By Fergus Jensen
JAKARTA May 31 Indonesians demanding more
subsidised fuel have eased a blockade of the rivers used to ship
coal out of the main producing region, an official said on
Thursday, defusing another protest that highlighted income
inequality in the booming economy.
Rising commodity exports are contributing to strong economic
growth in Indonesia and creating millionaires faster than
anywhere else in the world, but workers have pushed for a
greater share of the wealth through a series of violent protests
and strikes in the past year.
Indonesia is the world's biggest thermal coal exporter and
hundreds of activists had used small boats to block the Mahakam
and Barito rivers in Kalimantan province which are used to
transport at least 15 percent of the total coal output.
The protesters wanted to pressure the government to allocate
more subsidised vehicle fuel to their resource-rich province,
where motorists are queuing for hours at fuelling stations for
The blockade, however, failed to stop coal shipments by
Kalimantan's main miners, with officials from Bayan Resources
, Indo Tambangraya Megah and Harum Energy
saying that cargoes were flowing out unhindered.
"We had a few barges held at the Mahakam bridge at Samarinda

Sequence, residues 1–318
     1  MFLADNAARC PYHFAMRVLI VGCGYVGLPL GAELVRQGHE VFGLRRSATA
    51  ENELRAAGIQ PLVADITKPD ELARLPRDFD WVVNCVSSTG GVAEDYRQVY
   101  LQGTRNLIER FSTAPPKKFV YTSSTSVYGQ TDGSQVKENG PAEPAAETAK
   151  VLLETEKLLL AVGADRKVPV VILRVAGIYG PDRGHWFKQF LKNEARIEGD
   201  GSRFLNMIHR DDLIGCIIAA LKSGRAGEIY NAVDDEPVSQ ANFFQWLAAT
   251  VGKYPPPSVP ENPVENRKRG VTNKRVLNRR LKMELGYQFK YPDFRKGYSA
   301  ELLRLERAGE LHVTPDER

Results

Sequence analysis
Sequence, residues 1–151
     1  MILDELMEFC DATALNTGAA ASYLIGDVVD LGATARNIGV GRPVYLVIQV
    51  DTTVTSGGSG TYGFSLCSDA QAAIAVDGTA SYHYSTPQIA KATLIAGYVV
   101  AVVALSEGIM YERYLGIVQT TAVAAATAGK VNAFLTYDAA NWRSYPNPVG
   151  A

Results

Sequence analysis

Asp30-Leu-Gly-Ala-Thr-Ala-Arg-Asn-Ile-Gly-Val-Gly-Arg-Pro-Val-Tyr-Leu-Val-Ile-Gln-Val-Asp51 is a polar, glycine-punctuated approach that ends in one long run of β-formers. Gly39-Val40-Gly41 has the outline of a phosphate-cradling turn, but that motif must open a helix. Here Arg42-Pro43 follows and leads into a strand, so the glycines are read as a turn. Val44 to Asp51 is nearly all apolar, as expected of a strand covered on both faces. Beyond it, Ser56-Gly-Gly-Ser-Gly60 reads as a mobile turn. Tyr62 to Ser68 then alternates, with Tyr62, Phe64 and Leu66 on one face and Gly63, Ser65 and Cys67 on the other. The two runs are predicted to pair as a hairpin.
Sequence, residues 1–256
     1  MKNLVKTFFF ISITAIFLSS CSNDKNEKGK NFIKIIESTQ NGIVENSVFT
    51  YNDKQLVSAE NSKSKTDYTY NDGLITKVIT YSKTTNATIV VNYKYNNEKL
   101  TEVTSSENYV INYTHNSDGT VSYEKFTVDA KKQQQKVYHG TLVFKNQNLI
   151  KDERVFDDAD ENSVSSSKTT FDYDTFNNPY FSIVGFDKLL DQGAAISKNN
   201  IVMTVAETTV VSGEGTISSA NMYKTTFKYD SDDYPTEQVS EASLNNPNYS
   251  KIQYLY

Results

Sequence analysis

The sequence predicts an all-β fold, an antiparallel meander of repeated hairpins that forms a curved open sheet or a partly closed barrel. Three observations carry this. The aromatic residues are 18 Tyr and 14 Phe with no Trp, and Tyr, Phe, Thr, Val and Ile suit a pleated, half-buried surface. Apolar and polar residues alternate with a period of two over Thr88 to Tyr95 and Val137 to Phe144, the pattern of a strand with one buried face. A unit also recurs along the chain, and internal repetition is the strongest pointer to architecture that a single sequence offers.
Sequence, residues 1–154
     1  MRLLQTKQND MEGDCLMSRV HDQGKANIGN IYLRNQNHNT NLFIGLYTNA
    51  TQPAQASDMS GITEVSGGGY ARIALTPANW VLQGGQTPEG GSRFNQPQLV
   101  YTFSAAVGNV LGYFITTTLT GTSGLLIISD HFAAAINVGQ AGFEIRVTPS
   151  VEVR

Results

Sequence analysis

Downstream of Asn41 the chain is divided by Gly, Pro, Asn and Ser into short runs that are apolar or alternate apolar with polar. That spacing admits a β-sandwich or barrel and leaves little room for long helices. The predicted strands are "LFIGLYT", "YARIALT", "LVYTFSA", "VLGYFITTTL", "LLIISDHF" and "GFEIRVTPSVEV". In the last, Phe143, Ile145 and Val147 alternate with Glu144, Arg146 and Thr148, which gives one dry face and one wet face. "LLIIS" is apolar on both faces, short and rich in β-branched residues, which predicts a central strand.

by demonstrators demanding the government increase the
allocation for the subsidised fuel," said Alastair McLeod, chief
financial officer at Bayan Resources.
"It is all back to normal, and all the barges that were
delayed have already departed for their respective ports."
THE POLITICS OF CHEAP FUEL
The central government has restricted supplies of subsidised
fuel, which costs nearly half as much as regular fuel, to try to
stop a surge in oil prices hurting its budget deficit.
The governors of Kalimantan, who had threatened to cut off
resource exports if their region did not get more cheap fuel,
had recently lobbied officials in Jakarta, but it was not
immediately clear if the government had ceded to their demands.
The head of the Indonesian Coal Mining Association, however,
expects the government will increase the subsidied fuel quota to
Kalimantan. "I don't think the situation will take much longer
to stabilise," said Supriatna Suhala.
Protests over fuel price hikes contributed to the downfall
of autocratic leader Suharto in 1998, and the issue remains
politically sensitive in a nation where 30 million, or over 12
percent, of the population is poor.
The parliament rejected a government proposal to ease fuel
subsidises in April and the government has since backtracked on
measures requiring large private cars to only use non-subsidised
An executive at Indo Tambangraya Megah said protesters were
still trying to stop fuel barges heading up the river. Resource
firms have also been using subsidised fuel.
(Additional reporting by Michael Taylor and Janeman Latul;
Writing by Neil Chatterjee; editing by Miral Fahmy)